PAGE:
L’Aquila, for centuries, has kept alive the gift that Pope Celestine V himself left him. It is the privilege of reminding everyone that with mercy, and only with mercy, the life of every man and woman can be lived with joy.

Mercy is the experience of feeling welcomed, restored, strengthened, healed, encouraged. To be forgiven is to experience here and now the closest thing to resurrection. Forgiveness is passing from death to life, from the experience of anguish and guilt to that of freedom and joy.

May this temple always be a place where we can reconcile, and experience that Grace that puts us back on our feet and gives us another chance. Our God is the God of possibilities: “How many times, Lord? One? Seven?” – “Seventy times seven.” He is the God who always gives you another chance. Be a temple of forgiveness, not just once a year, but always, every day. This is how peace is built, through forgiveness received and given.

Starting from our own misery and searching there, seeking how to reach forgiveness, because even in our own misery we will always find a light that is the path to the Lord. It is He who makes light in misery.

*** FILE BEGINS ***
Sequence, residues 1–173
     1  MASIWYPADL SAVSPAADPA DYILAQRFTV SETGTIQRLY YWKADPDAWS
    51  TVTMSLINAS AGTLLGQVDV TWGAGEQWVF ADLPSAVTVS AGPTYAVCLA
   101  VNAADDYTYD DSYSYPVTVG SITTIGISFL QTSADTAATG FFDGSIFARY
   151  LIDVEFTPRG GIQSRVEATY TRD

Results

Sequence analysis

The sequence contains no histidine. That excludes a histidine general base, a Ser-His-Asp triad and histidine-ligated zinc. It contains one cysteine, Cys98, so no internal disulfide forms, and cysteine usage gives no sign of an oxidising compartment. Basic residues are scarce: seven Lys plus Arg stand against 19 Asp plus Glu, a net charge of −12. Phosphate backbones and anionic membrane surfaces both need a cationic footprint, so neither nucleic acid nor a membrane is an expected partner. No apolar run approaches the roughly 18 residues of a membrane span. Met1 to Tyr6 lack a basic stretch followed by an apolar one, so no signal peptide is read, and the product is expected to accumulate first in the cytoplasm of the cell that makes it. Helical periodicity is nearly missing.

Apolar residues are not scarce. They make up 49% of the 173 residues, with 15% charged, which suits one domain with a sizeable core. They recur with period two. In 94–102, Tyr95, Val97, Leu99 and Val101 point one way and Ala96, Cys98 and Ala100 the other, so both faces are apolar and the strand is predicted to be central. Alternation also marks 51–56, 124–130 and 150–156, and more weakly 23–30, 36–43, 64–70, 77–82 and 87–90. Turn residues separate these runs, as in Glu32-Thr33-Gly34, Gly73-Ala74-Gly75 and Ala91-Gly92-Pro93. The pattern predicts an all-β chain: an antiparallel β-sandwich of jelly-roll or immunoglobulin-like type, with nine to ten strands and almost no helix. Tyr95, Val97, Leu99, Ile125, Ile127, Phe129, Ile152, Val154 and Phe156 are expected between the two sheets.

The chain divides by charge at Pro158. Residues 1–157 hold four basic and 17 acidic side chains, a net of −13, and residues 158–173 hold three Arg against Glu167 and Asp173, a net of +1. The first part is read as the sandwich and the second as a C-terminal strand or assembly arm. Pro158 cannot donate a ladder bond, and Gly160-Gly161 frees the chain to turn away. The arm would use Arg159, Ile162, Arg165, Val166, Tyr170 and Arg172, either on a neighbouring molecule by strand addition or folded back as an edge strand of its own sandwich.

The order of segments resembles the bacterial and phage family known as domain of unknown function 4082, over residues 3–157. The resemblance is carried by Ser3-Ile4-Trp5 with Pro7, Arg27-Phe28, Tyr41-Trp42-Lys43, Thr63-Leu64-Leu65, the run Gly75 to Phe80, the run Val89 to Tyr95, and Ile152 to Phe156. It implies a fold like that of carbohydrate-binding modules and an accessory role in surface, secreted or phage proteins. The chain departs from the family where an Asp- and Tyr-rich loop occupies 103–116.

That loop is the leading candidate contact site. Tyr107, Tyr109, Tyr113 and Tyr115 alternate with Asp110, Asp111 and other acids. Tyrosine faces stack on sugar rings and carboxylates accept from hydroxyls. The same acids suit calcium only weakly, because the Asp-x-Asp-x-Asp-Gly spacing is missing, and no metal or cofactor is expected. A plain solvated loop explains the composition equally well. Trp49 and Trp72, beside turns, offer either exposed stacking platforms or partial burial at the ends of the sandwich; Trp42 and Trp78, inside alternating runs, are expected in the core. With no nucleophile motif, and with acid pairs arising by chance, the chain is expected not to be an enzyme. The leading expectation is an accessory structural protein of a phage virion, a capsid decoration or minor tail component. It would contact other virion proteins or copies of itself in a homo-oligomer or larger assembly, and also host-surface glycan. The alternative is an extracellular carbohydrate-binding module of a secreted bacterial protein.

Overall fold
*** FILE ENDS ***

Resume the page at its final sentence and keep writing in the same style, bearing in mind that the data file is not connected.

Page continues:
Today, in the morning, for example, I have thought about this, when we have arrived at L’Aquila and we have not been able to land: thick fog, everything dark, it was not possible. The helicopter pilot went round and round… Finally he saw a small hole and went through it: he did it, a master. And I thought of misery: the same thing happens with misery, with misery itself. So many times there, looking at what we are, nothing, less than nothing; and we turn, we turn… But sometimes the Lord makes a little hole: get in there, those are the Lord’s wounds! There is mercy there, but it is in his misery. There is the hole that the Lord makes in your misery for you to enter. Mercy that comes in your misery, in my misery, in our misery.